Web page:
Cózar-Gutiérrez and Sáez-López (2016) refer to a game, MinecraftEdu, played by second-year Master’s Degree students in Primary Education in the subject ‘Social Sciences: History and Teaching’ at Castilla-La Mancha University in Spain. The game was all about training future teachers. After playing the game, the students had to answer a questionnaire. The feedback on the game was very positive, as the students considered the game essential for training future teachers, indicating that active learning took place and that they had fun.

Other games that have already been used in higher education, mostly in residential universities, are Civilization, CSI, Age of Empires II, The Sims 2, Age of Mythology and SimCity 4 (cf. Van Eck 2006:9).

Many scholars, when referring to DGBL, do not indicate whether the students should play the games on their own (‘solitary’) or with other students (‘collaborative’). Chen, Wang and Lin (2015:237–248) compared these two modes of play in their study and interestingly discovered that the outcomes were similar.

In the light of the positive outcomes referred to above, the challenge is directed to lecturers and management of higher education institutions to implement DGBL in an effort to enhance the educational process.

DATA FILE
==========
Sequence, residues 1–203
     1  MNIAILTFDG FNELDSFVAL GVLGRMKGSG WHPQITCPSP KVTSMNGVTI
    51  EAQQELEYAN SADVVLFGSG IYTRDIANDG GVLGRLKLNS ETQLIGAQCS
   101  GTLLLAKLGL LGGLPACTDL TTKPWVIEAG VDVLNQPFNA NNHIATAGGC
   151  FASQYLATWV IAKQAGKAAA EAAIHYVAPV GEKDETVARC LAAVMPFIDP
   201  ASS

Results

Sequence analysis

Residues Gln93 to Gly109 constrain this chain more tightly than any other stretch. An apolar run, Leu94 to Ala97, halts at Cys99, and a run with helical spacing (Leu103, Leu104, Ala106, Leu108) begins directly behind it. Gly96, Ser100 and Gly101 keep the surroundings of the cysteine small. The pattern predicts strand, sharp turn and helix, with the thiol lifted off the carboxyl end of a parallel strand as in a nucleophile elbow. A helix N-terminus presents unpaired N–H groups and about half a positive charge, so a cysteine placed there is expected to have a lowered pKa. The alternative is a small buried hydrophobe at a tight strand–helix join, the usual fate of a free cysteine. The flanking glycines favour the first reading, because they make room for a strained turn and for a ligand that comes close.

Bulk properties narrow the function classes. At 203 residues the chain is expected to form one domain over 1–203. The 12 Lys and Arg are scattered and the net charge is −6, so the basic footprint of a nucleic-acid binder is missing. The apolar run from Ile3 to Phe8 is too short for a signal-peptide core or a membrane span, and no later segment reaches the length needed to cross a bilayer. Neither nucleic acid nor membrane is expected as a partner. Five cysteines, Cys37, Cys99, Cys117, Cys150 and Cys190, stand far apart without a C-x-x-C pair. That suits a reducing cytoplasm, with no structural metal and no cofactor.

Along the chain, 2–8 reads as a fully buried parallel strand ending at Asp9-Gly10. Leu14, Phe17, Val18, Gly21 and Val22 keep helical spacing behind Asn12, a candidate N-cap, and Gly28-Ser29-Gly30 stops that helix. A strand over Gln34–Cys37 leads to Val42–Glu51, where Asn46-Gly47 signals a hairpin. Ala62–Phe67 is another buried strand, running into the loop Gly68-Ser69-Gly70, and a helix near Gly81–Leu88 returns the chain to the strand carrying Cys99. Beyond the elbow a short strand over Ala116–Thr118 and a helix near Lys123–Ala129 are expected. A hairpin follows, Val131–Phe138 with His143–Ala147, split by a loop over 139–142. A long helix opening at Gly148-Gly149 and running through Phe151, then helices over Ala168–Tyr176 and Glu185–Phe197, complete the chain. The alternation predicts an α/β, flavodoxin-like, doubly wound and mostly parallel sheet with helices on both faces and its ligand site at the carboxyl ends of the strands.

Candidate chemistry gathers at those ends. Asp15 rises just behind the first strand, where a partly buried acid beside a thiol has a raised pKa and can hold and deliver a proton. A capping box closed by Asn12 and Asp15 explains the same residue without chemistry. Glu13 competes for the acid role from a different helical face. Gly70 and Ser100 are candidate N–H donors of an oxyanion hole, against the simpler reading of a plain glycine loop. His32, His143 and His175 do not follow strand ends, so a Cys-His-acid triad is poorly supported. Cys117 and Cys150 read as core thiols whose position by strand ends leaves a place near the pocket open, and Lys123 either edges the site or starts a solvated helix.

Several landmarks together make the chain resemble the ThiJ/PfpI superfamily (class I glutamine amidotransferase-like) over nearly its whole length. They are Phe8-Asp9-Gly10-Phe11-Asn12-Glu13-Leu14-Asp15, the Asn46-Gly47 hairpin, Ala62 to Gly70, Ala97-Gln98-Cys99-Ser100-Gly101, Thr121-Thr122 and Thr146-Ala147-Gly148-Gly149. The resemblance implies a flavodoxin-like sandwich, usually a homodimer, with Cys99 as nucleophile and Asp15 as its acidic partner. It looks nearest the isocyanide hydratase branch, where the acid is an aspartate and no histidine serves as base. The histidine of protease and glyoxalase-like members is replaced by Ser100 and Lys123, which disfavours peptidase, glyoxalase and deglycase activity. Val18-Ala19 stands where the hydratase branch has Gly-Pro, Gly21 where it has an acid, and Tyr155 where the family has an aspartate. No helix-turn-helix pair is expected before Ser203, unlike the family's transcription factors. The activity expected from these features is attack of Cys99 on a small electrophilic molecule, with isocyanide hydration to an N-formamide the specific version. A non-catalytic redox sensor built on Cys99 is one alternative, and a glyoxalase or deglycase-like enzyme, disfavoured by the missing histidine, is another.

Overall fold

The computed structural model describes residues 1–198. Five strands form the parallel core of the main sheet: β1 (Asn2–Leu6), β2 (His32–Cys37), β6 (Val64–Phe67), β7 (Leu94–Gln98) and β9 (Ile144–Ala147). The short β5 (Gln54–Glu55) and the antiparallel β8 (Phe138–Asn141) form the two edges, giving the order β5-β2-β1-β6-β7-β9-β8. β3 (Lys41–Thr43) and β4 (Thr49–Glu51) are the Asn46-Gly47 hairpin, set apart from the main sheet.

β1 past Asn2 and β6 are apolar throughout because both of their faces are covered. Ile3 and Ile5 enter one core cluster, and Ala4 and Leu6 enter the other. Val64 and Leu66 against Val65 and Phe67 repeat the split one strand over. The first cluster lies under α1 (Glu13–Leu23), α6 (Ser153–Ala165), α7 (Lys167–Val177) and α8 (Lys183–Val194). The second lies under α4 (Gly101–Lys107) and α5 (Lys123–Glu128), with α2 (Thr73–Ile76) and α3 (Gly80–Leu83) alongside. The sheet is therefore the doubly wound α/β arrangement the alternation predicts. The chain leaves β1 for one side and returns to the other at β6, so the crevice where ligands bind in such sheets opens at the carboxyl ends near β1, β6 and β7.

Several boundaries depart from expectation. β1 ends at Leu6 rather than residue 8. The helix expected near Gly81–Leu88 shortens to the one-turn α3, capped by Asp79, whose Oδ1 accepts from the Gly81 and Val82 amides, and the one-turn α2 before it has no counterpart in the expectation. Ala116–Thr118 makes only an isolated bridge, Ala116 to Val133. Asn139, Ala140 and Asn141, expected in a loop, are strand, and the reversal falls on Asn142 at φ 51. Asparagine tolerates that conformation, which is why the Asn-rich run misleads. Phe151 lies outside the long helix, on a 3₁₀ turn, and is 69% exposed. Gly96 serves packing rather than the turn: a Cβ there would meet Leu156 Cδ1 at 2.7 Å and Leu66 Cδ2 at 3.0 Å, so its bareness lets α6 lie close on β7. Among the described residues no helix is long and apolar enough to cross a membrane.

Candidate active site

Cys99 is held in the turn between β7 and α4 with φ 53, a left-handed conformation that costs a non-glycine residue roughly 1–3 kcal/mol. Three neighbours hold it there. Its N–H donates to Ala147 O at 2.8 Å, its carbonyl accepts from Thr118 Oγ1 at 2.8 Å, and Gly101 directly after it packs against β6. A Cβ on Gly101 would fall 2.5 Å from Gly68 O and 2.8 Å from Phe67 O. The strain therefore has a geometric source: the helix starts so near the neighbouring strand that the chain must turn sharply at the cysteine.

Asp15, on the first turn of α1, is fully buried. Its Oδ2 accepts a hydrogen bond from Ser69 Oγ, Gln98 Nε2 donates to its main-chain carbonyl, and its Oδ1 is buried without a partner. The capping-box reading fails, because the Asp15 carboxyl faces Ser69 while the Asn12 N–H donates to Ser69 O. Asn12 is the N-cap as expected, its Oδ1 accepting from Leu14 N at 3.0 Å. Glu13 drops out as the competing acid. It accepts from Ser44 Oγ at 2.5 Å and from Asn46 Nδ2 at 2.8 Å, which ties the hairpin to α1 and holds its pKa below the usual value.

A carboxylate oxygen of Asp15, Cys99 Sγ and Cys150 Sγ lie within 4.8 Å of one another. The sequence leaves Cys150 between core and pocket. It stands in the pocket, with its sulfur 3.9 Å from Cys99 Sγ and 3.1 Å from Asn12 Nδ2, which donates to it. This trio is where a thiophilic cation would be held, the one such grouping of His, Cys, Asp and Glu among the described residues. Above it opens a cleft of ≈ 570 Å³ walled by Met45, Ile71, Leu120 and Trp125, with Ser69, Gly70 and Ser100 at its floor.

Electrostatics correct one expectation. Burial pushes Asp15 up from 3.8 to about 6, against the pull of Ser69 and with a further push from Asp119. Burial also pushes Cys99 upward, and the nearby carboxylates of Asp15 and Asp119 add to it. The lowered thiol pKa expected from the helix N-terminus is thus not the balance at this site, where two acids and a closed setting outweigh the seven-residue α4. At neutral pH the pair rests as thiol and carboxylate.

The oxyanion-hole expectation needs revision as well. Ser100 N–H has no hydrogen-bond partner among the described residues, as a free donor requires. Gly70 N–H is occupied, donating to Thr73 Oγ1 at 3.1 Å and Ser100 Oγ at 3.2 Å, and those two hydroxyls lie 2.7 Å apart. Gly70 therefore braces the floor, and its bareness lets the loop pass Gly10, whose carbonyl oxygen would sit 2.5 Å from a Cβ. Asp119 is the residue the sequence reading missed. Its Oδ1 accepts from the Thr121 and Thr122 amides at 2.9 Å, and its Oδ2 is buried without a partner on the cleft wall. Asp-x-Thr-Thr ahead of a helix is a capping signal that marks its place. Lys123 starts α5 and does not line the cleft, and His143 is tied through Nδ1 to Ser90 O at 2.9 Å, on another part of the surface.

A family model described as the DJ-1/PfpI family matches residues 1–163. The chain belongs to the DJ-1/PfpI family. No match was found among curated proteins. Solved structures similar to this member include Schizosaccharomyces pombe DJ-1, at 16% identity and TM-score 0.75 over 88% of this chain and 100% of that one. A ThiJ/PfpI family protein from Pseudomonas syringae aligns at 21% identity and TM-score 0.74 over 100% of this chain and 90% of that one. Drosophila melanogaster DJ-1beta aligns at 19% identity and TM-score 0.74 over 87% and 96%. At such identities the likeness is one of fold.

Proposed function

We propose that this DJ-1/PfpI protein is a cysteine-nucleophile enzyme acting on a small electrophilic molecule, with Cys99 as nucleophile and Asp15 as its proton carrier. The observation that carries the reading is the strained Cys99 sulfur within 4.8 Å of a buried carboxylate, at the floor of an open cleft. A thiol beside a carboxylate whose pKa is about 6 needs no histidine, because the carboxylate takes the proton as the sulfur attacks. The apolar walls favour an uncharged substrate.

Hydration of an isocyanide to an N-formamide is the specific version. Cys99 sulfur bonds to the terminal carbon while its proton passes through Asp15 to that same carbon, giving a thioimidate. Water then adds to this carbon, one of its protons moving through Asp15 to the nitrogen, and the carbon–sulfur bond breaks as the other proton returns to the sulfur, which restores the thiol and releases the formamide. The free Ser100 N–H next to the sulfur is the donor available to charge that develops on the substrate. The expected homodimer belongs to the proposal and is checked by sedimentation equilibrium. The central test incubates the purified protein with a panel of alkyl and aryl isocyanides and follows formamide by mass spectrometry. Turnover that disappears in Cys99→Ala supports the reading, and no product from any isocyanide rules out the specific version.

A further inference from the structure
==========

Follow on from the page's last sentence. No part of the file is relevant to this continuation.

Digital game-based learning for theology students

The suggestion here is to implement TEL and DGBL within theology. Why theology? Theology played a major role in the foundation of many universities through the ages, like the University of Bologna in 1088 (cf. Haskins 1957; Rashdall 1936), which developed from a monastery and cathedral schools, and the university of Paris in 1150, which was a product of a cathedral school (cf. Boeree 2000). In the 13th century, Thomas Aquinas, in his Summa Theologica (Prologue, Art 1 Objection 2 & Art 5 – reply to Objection 2), referring to Aristotle’s Metaphysics (Book 1 Chapter 2 – Taylor 1801:6), regarded other sciences as ‘the handmaidens of this one [theology]’ (Fathers of the English Dominican Province 2006:767, 774), therefore suggesting that theology was the ultimate of all sciences. Although theology is often not regarded as the ‘queen of sciences’ anymore (cf. Loughlin 2009:221–240), this article takes the premise of Tracy (2002:13–22) who puts theology at the epicentre of his three so-called ‘publics’ or spheres, namely society, academia and church. This implies that theologians have an important role to play in society. Besides from being a leading influence in society that can once again bring positive change to the South African context, theology has relatively low student numbers which make experimenting and implementation of DGBL easier while providing a safe-to-fail environment for learning.